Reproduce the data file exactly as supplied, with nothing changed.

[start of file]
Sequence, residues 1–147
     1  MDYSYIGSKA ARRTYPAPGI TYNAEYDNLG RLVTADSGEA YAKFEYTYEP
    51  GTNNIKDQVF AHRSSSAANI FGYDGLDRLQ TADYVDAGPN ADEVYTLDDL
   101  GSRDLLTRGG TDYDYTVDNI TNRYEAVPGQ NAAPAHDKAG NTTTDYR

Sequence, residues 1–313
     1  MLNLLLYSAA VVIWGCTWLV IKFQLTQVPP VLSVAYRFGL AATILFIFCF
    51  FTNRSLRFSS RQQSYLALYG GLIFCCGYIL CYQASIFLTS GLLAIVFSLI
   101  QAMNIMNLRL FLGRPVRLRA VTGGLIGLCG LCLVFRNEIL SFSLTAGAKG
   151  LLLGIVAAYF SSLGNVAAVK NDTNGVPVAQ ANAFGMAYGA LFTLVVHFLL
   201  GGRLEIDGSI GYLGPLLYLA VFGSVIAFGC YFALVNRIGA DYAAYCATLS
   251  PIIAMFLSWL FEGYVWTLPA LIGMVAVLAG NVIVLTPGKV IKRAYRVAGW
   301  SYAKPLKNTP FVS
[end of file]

Sequence, residues 1–147
     1  MDYSYIGSKA ARRTYPAPGI TYNAEYDNLG RLVTADSGEA YAKFEYTYEP
    51  GTNNIKDQVF AHRSSSAANI FGYDGLDRLQ TADYVDAGPN ADEVYTLDDL
   101  GSRDLLTRGG TDYDYTVDNI TNRYEAVPGQ NAAPAHDKAG NTTTDYR

Sequence, residues 1–313
     1  MLNLLLYSAA VVIWGCTWLV IKFQLTQVPP VLSVAYRFGL AATILFIFCF
    51  FTNRSLRFSS RQQSYLALYG GLIFCCGYIL CYQASIFLTS GLLAIVFSLI
   101  QAMNIMNLRL FLGRPVRLRA VTGGLIGLCG LCLVFRNEIL SFSLTAGAKG
   151  LLLGIVAAYF SSLGNVAAVK NDTNGVPVAQ ANAFGMAYGA LFTLVVHFLL
   201  GGRLEIDGSI GYLGPLLYLA VFGSVIAFGC YFALVNRIGA DYAAYCATLS
   251  PIIAMFLSWL FEGYVWTLPA LIGMVAVLAG NVIVLTPGKV IKRAYRVAGW
   301  SYAKPLKNTP FVS